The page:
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Thread: How to stiffen up the brim on a lite felt hat

  1. #1
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    How to stiffen up the brim on a lite felt hat

    I've got a casual Orvis dark green Fedora style *crushable* hat that is made of lite felt. I can't seem to keep the rear brim flipped up. As soon as I start to walk in it, it just flops down. Is there something I can spray on or apply that will give the brim a bit of stiffness so it will stay where I want it to?


  2. #2
    Bartender jamespowers's Avatar
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    Have you tried steaming the brim? Exposing it to steam from a kettle will usually revive the stiffner. shape the back of the brim as you want it to be and then let it cool from the steam. That should set the brim up in the back. Work slowly and there is no need to apply too much heat and burn your hands. Just get the area you want to shape warm with the steam and shape it.

    Regards,

    J
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  3. #3
    Bartender RBH's Avatar
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    Scout Felt Hat Stiffener

    Most of the hats that are that style are made to have the brim turned down all the way. But I have had some luck using Scout Felt Hat Stiffener to ''stiffen up'' a soft lite felt.
    RBH

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  4. #4
    Familiar Face
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    Thanks RBH. I just ordered some of the Scout stiffener. That should do the trick.

  5. #5
    One Too Many johnnycanuck's Avatar
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    The scout hat stiffener does work good. also you can try some scotch guard. Adds a little but of weather protection.

  6. #6
    Vendor/Sponsor besdor's Avatar
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    Your life felt hat is made of wool. Don't expect much from it . You can try to stiffen it up but you will make the hat feel very rough. It's meant to be soft .

  7. #7
    "A List" Customer thefedorastore's Avatar
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    Felt Stiffeners

    There are a few felt stiffeners on the market. I found that the Bickmore Kahl hat stiffener lasts longer than the other brands, like Scout. Bickmore is nothing more than denatured alcohol, and a natural resinous glaze. I don't know why, but it seems to last longest on my hats that are a bit 'tired'. I have found that the other brands work just as good as a clean hairspray. A good way to go to save a few bucks. Then you just need to freshen it up now and then, and hairspray is about $2.00 a can as opposed to $5 to $9 for a bottle of stiffener. As always, steam first to get your shape.
    Duane Dewsbury

  8. #8
    "A List" Customer adamgottschalk's Avatar
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    Question Details on returning a SNAP to a brim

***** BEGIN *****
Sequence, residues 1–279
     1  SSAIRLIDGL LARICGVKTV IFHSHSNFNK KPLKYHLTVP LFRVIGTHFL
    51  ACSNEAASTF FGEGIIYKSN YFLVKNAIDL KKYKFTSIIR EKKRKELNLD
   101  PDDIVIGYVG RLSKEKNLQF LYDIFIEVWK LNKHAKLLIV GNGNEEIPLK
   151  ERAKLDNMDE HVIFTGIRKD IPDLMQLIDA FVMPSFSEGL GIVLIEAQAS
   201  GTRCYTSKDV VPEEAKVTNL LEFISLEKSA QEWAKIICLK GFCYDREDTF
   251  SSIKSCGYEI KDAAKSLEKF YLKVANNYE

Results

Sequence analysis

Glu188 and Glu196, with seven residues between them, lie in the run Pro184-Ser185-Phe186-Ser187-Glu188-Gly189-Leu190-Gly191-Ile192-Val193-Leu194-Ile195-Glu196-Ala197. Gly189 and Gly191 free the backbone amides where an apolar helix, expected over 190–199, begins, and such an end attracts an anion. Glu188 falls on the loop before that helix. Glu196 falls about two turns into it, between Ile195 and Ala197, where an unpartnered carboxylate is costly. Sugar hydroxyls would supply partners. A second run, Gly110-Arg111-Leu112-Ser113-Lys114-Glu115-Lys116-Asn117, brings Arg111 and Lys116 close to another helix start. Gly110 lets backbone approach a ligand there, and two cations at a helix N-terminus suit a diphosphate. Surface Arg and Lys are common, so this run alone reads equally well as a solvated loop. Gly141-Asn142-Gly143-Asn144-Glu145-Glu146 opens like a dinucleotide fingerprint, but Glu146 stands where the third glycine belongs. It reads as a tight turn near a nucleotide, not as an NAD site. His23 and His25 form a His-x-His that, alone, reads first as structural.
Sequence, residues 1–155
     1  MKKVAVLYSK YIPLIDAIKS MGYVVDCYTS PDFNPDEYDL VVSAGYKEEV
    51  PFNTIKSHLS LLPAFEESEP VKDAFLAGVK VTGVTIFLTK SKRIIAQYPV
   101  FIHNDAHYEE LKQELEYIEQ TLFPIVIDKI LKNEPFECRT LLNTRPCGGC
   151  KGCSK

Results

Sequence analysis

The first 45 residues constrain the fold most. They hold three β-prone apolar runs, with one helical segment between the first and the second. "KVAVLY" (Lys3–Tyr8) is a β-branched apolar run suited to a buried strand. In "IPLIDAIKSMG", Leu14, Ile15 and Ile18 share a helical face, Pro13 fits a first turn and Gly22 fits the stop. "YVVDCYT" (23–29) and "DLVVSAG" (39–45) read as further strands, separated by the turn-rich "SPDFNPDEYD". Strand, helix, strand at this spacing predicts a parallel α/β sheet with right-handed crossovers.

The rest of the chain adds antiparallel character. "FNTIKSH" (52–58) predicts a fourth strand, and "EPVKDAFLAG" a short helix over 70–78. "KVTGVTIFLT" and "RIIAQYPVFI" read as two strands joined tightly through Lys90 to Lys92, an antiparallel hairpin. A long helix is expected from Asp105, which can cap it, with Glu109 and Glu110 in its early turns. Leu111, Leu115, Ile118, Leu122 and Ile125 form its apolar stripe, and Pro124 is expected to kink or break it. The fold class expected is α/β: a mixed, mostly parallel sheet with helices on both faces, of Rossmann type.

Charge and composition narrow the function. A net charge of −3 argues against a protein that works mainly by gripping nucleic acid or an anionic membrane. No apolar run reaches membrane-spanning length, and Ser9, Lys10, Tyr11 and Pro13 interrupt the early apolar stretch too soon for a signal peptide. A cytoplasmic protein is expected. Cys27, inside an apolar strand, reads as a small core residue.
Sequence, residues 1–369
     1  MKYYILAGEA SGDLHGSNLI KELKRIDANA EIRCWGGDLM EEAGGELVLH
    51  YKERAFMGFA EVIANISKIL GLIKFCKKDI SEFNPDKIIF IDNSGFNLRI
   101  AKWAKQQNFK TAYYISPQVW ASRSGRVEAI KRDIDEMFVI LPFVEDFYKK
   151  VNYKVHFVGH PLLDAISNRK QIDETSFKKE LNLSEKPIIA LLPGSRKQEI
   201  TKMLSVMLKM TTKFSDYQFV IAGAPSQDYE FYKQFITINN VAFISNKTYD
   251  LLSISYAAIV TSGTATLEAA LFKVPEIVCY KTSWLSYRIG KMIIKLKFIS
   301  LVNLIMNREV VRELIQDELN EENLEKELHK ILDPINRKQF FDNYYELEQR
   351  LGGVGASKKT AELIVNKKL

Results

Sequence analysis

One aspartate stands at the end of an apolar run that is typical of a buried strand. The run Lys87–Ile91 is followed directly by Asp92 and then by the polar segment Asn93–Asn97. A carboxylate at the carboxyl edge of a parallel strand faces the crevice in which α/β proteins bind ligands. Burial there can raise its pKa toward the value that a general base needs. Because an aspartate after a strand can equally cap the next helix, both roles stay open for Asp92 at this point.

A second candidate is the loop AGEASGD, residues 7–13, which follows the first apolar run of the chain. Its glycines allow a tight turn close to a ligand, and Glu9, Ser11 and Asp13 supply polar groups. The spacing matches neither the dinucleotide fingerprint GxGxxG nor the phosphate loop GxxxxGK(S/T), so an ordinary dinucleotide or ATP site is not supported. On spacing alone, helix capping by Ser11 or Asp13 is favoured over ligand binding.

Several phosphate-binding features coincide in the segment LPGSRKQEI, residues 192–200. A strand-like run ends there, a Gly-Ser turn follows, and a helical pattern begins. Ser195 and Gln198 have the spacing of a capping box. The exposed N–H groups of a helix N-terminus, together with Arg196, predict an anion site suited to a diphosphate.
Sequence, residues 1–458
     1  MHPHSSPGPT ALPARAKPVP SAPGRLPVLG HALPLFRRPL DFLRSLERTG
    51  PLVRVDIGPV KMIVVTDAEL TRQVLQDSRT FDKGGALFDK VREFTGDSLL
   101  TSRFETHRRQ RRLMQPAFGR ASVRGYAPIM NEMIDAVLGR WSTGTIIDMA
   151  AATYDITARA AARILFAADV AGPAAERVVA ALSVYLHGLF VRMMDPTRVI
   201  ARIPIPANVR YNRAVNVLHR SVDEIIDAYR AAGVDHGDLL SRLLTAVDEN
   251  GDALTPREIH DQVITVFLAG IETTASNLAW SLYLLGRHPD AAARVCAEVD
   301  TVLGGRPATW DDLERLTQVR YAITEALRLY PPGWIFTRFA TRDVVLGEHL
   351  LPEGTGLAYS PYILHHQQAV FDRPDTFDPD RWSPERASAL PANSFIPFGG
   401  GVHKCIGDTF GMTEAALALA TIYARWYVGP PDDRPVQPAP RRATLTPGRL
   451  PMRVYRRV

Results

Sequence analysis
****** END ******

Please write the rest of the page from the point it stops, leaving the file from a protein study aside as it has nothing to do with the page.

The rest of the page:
I have an old Cavanagh that tonyb gave (thanks, Tony!). The brim has gotten a bit soft, not much snap left to it (stingy 1 7/8" brim). I ordered some Bickmore Kahl hat stiffener. I'm still not quite clear on how to do this. Shaping a crown the way you want it, then steaming and letting dry I can visualize. With some of the snap gone, the brim doesn't turn down where I want it (it's too far forward now). How do I hold the brim down while steaming it? With laundry clips or something? I was thinking I should maybe turn it up all around, then steam it and apply the stiffener and let dry. Than when I go to snap the brim, won't it do it naturally? Any suggestions appreciated.
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  9. #9
    Bartender Brad Bowers's Avatar
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    adamgottschalk, what your brim really needs, more than anything, is to be re-flanged. This will put the proper snap back into it. Send it to Art, or perhaps there is a hat shop in town that can perform this service.

    Brad
    Keeping alive the Hatting History of Crofut & Knapp, Dobbs, and Cavanagh since 2004. Visit my blog, The Hatted Professor.
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  10. #10
    "A List" Customer adamgottschalk's Avatar
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    What _should_ it do?

    Quote Originally Posted by Brad Bowers
    adamgottschalk, what your brim really needs, more than anything, is to be re-flanged. This will put the proper snap back into it. Send it to Art, or perhaps there is a hat shop in town that can perform this service.

    Brad
    Thanks, Brad, I may just do that. I went back to the hat just now and, as I'm a perfectionist, I realize it's not nearly as "bad" as I thought it was. But I also realize what my thinking is: it strikes me that when you snap a fedora brim down in front (up in back), the spot where it turns from up-facing to down-facing should be flat. That is, when you look at it dead on straight, it should appear level at that point where it turns. Is that probably right? I know it matters how wide the brim is and all that. But, for example, with the old Cavanagh I have, that spot of turning from UP to DOWN retains much of the UP, and the down-turned part is a smallish part of the front, as opposed to, say, snapped all the way across from right to left, like ear to ear. Is that how it's supposed to be?
    We're all lying in the gutter,
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